Plagiarism in college is a serious issue that demands officials’ attention, but MSU might be making premature decisions to prevent students from plagiarizing.
MSU is considering purchasing Turnitin, a plagiarism detection software, for academic assignments. The software is in use by more than 100 universities nationwide and offers features and tools for instructors to detect copied work.
Although plagiarism in general is a problem that should be stopped, it isn’t a big enough issue at MSU to warrant the money needed for the Turnitin program.
With the software having more than 17 billion websites and 200 million student papers in its database, it can be assumed that Turnitin would not be a cheap investment for MSU.
When the MSU Virtual University Design and Technology, or vuDAT, conducted a survey last year regarding plagiarism, 66 percent of instructors said they were “quite” or “very” concerned about it, but 25 percent reported never having a plagiarism incident with students.
If plagiarism is not a huge issue for the university, Turnitin might be a waste of money. MSU could benefit from investing its money elsewhere. For example, ANGEL, MSU’s current course management system, has had many issues during the past few years that make it difficult for students to access the program, and students and instructors both would benefit from those problems being solved.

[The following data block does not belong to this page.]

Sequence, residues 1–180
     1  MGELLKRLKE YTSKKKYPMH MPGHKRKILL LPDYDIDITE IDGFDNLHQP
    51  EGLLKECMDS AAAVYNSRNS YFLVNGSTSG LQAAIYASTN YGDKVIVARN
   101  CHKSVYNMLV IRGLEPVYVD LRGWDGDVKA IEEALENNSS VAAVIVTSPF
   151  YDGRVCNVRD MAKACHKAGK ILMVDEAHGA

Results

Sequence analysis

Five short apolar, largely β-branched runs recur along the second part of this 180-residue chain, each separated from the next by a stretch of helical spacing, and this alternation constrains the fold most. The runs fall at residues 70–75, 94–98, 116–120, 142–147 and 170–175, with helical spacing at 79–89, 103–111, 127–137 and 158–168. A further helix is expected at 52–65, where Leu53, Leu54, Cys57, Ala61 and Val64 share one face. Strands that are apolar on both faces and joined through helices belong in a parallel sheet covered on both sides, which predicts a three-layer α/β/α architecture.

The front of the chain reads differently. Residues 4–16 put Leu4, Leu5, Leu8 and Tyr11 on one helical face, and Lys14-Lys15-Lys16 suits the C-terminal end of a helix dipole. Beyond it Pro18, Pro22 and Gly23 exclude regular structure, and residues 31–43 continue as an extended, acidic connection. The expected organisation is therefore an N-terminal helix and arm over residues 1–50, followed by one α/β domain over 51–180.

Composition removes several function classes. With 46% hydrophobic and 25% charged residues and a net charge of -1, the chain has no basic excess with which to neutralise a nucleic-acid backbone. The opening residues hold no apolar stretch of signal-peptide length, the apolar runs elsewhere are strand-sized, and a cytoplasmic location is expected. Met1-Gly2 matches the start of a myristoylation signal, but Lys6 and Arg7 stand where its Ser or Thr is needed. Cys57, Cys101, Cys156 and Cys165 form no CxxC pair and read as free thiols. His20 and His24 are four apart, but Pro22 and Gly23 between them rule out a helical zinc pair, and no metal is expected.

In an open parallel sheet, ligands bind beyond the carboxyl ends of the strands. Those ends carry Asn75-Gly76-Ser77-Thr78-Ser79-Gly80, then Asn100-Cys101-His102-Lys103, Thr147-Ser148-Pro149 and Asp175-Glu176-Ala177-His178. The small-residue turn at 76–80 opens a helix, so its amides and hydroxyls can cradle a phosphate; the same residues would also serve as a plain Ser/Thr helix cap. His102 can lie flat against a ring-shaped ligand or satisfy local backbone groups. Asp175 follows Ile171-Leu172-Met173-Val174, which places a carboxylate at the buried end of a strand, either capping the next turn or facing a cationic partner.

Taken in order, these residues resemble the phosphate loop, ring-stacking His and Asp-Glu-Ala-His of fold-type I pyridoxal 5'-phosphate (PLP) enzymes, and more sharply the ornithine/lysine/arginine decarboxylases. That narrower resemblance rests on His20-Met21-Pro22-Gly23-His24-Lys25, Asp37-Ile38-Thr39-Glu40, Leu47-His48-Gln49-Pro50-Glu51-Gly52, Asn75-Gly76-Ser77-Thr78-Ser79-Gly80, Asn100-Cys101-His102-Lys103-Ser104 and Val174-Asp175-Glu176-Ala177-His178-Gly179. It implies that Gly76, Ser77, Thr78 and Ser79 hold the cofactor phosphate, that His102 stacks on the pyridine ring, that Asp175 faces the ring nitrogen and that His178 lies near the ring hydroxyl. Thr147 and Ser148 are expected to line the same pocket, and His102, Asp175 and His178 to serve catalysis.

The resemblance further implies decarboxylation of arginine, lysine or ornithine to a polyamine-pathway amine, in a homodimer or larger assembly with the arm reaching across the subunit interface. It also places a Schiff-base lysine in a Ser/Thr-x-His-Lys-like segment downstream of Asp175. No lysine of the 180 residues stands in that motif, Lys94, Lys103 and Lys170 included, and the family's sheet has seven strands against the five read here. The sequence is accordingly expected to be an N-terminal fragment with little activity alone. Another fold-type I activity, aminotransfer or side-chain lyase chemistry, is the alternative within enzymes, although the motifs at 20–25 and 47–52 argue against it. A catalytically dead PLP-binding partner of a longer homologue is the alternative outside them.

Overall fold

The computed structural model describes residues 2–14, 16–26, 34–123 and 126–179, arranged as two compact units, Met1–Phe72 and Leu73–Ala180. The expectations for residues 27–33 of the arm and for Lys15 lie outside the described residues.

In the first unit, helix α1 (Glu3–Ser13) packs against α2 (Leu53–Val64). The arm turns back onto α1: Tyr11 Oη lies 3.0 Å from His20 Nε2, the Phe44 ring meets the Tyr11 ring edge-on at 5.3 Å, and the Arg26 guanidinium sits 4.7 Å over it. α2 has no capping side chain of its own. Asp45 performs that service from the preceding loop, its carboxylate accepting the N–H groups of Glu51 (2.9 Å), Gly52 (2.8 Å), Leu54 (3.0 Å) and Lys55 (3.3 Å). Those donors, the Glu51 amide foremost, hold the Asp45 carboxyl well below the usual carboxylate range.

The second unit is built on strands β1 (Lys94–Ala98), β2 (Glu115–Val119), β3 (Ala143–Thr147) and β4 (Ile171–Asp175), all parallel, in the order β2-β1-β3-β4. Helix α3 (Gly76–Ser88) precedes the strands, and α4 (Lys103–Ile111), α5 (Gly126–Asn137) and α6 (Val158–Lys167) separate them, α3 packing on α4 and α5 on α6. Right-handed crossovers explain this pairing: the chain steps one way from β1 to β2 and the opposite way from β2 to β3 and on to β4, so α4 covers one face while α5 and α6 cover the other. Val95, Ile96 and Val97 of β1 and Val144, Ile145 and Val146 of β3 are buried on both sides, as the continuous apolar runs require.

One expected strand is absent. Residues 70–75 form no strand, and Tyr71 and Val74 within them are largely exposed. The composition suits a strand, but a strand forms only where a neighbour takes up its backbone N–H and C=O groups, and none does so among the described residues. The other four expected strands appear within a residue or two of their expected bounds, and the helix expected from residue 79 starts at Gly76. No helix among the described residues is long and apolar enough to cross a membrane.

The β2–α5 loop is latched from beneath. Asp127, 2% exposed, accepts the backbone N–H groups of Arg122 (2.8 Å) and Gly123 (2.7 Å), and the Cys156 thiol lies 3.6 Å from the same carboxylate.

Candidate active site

It seems the university is making pre-emptive decisions with researching Turnitin, and spending money on a little-needed program would be like throwing funds out the window.
Even though 75 percent of instructors having an occurrence with the issue might sound like a large amount of incidences, it might not be telling of how often plagiarism actually occurs.
Some instructors might have only encountered a single incident, causing them to be a part of the 75 percent. Many instructors have been teaching for many years, and a handful of occurrences during the course of 20 or 30 years is not enough to make plagiarism a major concern.
It doesn’t seem plagiarism occurs often enough at MSU to need an entire program to prevent it.
Additionally, if MSU buys Turnitin, students would submit their papers to turnitin.com, which raises issues with paper copies being submitted. Rubrics for all classes would need changing, and it’s a possibility that some professors might not even use the software. The program also could delay grades being posted at the end of semesters, and professors don’t need another potential delay at that time of the year.
If plagiarism was a bigger issue, MSU would benefit from investing in Turnitin, but they do not have enough evidence to prove that it is a big problem. In the future, if the university researches how often plagiarism occurs in classrooms, and it proves to be a problem, then the program would be justified. Now, it is a pre-emptive strike against something that might not even be an issue.